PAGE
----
Often it is just to set a trial date, sometimes the judge also wants to know if any issues have been resolved and what issues remain for trial, and if there are any practical issues, such as expert witness issues or evidentiary issues that need to be addressed before trial.
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The pre-trial is to:
1. Set your trial date,
2. Make sure that all pre-trial conditions ordered by the Court, as for instance:
a. filing a pre-trial memorandum,
b. filing a list of the witnesses you plan to present in your case at trial,
c. filing a list of all the documents, photographs, and evidence which you will be presenting at the trial,
d. filing at least 30 days before the pre-trial the names, addresses, and phone numbers of any expert witnesses you plan to bring to testify at trial, and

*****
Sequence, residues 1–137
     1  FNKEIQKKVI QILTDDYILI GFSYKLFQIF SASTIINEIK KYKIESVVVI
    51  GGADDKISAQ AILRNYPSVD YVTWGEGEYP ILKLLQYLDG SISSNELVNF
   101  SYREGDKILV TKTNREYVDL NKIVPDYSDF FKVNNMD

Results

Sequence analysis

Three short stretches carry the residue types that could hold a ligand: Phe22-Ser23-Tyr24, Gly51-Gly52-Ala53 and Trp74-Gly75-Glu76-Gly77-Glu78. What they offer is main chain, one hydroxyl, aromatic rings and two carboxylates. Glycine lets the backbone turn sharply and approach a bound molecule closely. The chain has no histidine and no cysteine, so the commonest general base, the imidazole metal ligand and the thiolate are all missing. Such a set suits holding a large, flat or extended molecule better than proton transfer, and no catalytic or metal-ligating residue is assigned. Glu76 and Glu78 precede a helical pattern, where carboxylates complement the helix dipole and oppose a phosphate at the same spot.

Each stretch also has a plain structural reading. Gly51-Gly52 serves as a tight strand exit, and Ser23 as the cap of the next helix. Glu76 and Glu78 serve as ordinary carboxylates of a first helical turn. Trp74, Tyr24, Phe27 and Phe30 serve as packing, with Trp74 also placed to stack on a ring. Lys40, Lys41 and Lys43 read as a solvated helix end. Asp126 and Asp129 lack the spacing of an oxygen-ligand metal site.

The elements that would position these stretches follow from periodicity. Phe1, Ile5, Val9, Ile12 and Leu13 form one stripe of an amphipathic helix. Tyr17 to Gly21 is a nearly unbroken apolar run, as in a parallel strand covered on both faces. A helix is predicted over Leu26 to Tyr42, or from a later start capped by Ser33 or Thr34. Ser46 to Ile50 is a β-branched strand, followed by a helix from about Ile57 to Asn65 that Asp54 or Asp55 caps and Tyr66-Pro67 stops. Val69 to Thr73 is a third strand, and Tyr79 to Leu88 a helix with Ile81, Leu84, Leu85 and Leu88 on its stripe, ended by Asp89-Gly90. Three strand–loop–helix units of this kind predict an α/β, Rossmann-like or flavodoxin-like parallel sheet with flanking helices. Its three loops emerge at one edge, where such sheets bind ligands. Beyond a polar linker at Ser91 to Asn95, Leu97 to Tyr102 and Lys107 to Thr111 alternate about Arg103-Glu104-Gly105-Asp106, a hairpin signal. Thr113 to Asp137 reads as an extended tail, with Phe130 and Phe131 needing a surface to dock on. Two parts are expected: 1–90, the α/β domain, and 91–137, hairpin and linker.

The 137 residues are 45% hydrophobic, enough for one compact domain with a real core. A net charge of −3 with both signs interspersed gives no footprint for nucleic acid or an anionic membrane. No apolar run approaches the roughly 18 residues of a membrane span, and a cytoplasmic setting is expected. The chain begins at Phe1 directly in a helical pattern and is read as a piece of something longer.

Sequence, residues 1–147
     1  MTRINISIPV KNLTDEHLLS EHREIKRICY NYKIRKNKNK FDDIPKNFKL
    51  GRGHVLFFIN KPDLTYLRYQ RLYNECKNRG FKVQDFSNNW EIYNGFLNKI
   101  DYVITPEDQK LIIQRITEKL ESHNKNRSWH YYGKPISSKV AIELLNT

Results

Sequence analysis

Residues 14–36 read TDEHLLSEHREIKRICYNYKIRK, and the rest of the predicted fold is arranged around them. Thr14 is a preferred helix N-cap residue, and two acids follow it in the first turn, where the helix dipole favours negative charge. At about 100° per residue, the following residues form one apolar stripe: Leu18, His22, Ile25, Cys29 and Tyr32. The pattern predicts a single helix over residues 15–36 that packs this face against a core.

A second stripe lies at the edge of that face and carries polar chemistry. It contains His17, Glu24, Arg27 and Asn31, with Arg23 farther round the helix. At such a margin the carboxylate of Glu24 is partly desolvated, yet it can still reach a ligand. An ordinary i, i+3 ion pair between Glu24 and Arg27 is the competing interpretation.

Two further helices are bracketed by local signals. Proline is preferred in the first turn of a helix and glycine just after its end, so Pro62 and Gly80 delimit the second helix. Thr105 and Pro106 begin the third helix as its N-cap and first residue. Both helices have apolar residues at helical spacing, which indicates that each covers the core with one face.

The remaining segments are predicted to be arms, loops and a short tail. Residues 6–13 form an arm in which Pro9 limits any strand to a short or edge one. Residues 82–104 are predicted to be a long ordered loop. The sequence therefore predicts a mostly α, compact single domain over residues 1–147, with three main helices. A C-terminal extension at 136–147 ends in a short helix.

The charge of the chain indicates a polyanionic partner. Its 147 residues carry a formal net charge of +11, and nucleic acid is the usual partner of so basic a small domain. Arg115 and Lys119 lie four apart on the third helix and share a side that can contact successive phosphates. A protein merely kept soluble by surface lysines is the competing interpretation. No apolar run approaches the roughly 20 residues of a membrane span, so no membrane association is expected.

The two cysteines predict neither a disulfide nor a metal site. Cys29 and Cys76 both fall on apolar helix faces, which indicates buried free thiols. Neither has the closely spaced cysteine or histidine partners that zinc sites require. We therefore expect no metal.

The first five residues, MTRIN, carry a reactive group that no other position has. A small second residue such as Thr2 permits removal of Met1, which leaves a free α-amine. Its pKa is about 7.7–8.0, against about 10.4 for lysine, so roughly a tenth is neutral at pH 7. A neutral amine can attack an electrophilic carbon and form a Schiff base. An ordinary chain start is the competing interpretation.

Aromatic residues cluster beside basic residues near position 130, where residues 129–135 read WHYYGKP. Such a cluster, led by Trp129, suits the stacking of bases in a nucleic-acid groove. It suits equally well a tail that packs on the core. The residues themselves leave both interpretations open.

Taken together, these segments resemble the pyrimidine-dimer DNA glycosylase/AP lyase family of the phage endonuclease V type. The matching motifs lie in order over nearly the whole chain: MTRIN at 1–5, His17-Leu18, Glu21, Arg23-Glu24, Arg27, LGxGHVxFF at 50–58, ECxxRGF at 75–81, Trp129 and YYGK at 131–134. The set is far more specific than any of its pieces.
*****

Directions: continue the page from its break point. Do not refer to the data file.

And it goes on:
e. filing your child support guidelines calculations, updated family law financial affidavits, and time-sharing and parenting plans suggested to the Court.
Alejandro R. Lopez, Esq.
Law Office of Alejandro R. Lopez, P.A.
4465 Edgewater Dr.,
Orlando, Fla. 32804
Ph.: (407) 649-1404
I agree with the other two answers, the trial date will be schedule that day, so make sure you have your calendar with you. The judge need to know what issues need to be addressed at trial, in order to schedule the trial for the appropriate amount of time. It is very important that prior to the pretrial conference you file you pretrial memorandum, as the order states that if you fail to disclose your witness list and your exhibit list you will not be able to present those witnesses or exhibit at trial.
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